Wrong Motivations

Wrong Motivations

My, oh my. Dad is tired of the fighting. My kids have entered a new dimension of their relationship. They used to be two easy-going brothers. Sure, there were petty squabbles here and there, but for the most part, they just played nicely. However, lately, things have changed. It now seems they can’t interact for more than a few minutes before one of them is either telling the other to stop doing something, or they are tattling to Amanda or me, hoping we will intervene and sort out their problems. Amanda and I believe we have discerned the issue; not long ago, Cooper was complicit with everything his older brother Theo asked of him. Games they played and even the colors they were coloring were prescribed and chosen by Theo. Then Cooper began asserting his boundaries, informing his brother of his personality, which comes with his likes and dislikes. Here is an example conversation:


Theo: Let’s play dinosaurs!

Cooper: I don’t want to play dinosaurs.

Theo: Okay, you be the stegosaurs.

Cooper: I don’t want to play dinosaurs. 

Theo: Fine, you be the triceratops. 

Cooper: No, I don’t want to play, I want to color… 

Theo: Play!

Cooper: No!!!! 


The argument ensues, and both are left frustrated, upset, and mad at the other. Partially for not listening and being forced to do things they don’t want to do. As a parent, I know this is normal, and the boys are just adjusting to relationships formed in preferences and their independence. I get it, but I become wearied with the continual fighting.  

This fighting reminds me of a passage within the book of James, and he writes to those early disciples. James informs his readers to act differently; he also advises them why they are prone to such common fight-inducing tendencies.  

James 4:1-4 

 “What causes fights and quarrels among you? Don’t they come from your desires that battle within you? 2 You desire but do not have, so you kill. You covet but you cannot get what you want, so you quarrel and fight. You do not have because you do not ask God. 3 When you ask, you do not receive, because you ask with wrong motives, that you may spend what you get on your pleasures. 4 You adulterous people, don’t you know that friendship with the world means enmity against God? Therefore, anyone who chooses to be a friend of the world becomes an enemy of God.”

I appreciate the plain language of James. The motivations of these early disciples, and ourselves, are wrapped up in wrong intentions and selfish desires. There are so many things built upon us just wanting to get our way. We invent reasons why it is better for everyone if we get what we want. Whether we acknowledge it or not, we internally make statements like, “If people would just listen to me there wouldn’t be any problems.” Or, “It would be a lot smoother if people just did what I want.” Those statements are grounded in a ‘me first’ selfish mentality.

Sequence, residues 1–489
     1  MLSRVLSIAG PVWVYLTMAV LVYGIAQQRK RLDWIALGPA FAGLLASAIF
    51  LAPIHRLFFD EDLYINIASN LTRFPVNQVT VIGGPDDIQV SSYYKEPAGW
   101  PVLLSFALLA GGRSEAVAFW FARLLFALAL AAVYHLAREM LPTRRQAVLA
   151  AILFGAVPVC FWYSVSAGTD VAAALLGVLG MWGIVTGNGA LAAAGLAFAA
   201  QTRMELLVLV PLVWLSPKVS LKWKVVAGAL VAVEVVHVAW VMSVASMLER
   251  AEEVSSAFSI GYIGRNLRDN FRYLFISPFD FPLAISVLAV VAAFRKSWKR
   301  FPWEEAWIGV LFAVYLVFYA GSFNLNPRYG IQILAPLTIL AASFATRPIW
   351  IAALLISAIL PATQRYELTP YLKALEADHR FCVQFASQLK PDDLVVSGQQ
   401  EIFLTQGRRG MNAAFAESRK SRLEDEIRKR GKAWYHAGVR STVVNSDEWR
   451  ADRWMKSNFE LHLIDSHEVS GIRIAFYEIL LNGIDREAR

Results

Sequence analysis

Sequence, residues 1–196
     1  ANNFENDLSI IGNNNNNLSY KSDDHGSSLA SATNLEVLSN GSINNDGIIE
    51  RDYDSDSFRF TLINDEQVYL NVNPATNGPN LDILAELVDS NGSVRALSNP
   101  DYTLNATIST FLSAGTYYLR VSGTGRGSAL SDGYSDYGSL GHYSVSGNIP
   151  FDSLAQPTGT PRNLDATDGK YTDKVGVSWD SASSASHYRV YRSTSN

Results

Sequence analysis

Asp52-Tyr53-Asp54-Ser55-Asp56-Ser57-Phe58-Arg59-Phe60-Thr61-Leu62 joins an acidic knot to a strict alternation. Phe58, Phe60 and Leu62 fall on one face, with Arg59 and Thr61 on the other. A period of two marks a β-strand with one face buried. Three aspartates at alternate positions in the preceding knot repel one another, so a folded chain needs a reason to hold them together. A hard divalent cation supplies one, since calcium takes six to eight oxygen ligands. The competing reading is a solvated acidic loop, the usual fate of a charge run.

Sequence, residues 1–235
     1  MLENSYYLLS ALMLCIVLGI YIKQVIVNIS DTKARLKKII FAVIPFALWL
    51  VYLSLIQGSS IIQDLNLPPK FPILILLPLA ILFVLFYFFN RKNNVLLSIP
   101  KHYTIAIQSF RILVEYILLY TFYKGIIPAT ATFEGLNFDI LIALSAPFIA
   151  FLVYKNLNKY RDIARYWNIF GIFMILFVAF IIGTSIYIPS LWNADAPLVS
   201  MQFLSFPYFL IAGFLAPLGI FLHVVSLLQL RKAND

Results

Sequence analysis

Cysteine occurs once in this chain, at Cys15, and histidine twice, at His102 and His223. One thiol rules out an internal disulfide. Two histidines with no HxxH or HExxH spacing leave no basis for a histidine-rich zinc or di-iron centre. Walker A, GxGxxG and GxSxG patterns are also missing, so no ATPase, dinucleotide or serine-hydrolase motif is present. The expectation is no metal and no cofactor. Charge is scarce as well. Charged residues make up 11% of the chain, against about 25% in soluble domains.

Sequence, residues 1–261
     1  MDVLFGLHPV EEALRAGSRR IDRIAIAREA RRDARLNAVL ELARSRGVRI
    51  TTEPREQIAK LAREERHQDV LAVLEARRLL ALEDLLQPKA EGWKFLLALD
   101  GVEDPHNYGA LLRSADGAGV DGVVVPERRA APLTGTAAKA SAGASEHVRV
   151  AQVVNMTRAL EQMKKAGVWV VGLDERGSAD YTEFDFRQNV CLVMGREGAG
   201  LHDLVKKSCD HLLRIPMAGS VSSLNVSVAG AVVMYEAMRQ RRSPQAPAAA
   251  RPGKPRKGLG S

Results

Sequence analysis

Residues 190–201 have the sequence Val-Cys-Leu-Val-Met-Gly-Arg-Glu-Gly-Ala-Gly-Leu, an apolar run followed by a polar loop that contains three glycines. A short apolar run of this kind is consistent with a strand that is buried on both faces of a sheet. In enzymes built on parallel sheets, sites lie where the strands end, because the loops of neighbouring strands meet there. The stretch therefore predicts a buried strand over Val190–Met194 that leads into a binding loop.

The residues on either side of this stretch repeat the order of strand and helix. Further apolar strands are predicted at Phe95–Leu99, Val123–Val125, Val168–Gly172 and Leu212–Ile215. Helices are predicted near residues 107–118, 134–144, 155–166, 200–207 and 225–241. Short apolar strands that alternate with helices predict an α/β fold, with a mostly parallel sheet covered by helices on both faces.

James’ language is strong, and he conjures up thoughts of the first brothers, Cain and Abel. In that narrative, Cain doesn’t begin with evil intentions. We should regard Cain’s attempt of providing a God-pleasing sacrifice as noble but flawed; however, instead of adjusting his thoughts and attitudes, he believes it is easier to do away with the competition. Therefore, James mentions, “You desire but do not have, so you kill.” When we start to see the people around us as competition and obstacles, we are heading down a dangerous path. A mentality of “my way or the highway” does not produce beneficial results for each other. Only one person gets to be “right,” and the other person is left dealing with the suppression of their individuality. 

**Keep in mind these issues listed in James as personal desires. There are issues that we must stand our ground on; however, there should never be a one-sided conversation. We should be willing to hear each other out and discuss things as though we are adults and not children ages 2-4**

James’ guidance is simple, look at your desires; are they desiring what God wants or things of the world? Are you merely looking out for your interests and elevation of status? If you don’t get your way, are you willing to sever relationships and hate your brother/sister? We must also realize that James advises his readers that behaving in this way not only tarnishes our relationship with each other, starting fights and quarrels but creates a rift between God and us. James calls this rift adultery; we are forsaking the things of God for our desire to get what we want. This is a very dangerous mindset to have, so I encourage you, don’t behave like little children who fight and argue because they don’t get their way. Desire a much more excellent way (1 Corinthians 12:31-13:13).


3 Responses to “Wrong Motivations”

  1. Dana says:

    So very true. Even as adults we still want things our way. (I tend to want to blame Starbucks and Burger King’s “have it your way slogan”, but it’s just sin).

    Btw. You need to know Cooper was amazing in the nursery during worship. He was playing with a toy that Tinley wanted. She let him have it and after a very reasonable time (even sooner than I expected) he pushed it toward her and said “your turn”. Theo will soon learn if he gives in to Cooper he will get more back. Good job!

  2. Linda Brake says:

    I agree Dana, even as adults we want our way. Our motivation is so often self centered. Thank you Tom for these timely lessons.

  3. Sue Palmer says:

    Yes, I have to admit it is easier if everyone would just do it like I said and it would work out great! BUT, you have a great point, that we like toddlers need to examine our motives, open our hearts and share ideas with each other because there is always more than one way to do something……except our salvation!

Leave a Reply